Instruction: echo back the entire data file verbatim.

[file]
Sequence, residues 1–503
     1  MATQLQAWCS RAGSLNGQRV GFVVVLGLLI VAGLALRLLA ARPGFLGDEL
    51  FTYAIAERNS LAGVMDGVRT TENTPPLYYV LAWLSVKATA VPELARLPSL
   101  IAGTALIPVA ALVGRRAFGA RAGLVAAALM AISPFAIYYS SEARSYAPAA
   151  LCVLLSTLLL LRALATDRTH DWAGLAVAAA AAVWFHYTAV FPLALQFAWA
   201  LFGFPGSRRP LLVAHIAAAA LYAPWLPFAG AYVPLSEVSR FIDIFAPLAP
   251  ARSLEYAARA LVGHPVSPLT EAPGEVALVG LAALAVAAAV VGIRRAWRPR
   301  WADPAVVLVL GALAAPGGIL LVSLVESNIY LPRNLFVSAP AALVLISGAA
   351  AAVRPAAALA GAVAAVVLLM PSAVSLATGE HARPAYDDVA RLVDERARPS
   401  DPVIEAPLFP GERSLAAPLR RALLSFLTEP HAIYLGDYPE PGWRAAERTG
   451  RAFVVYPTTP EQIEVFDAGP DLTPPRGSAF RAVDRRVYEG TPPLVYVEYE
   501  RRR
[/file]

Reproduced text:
Sequence, residues 1–503
     1  MATQLQAWCS RAGSLNGQRV GFVVVLGLLI VAGLALRLLA ARPGFLGDEL
    51  FTYAIAERNS LAGVMDGVRT TENTPPLYYV LAWLSVKATA VPELARLPSL
   101  IAGTALIPVA ALVGRRAFGA RAGLVAAALM AISPFAIYYS SEARSYAPAA
   151  LCVLLSTLLL LRALATDRTH DWAGLAVAAA AAVWFHYTAV FPLALQFAWA
   201  LFGFPGSRRP LLVAHIAAAA LYAPWLPFAG AYVPLSEVSR FIDIFAPLAP
   251  ARSLEYAARA LVGHPVSPLT EAPGEVALVG LAALAVAAAV VGIRRAWRPR
   301  WADPAVVLVL GALAAPGGIL LVSLVESNIY LPRNLFVSAP AALVLISGAA
   351  AAVRPAAALA GAVAAVVLLM PSAVSLATGE HARPAYDDVA RLVDERARPS
   401  DPVIEAPLFP GERSLAAPLR RALLSFLTEP HAIYLGDYPE PGWRAAERTG
   451  RAFVVYPTTP EQIEVFDAGP DLTPPRGSAF RAVDRRVYEG TPPLVYVEYE
   501  RRR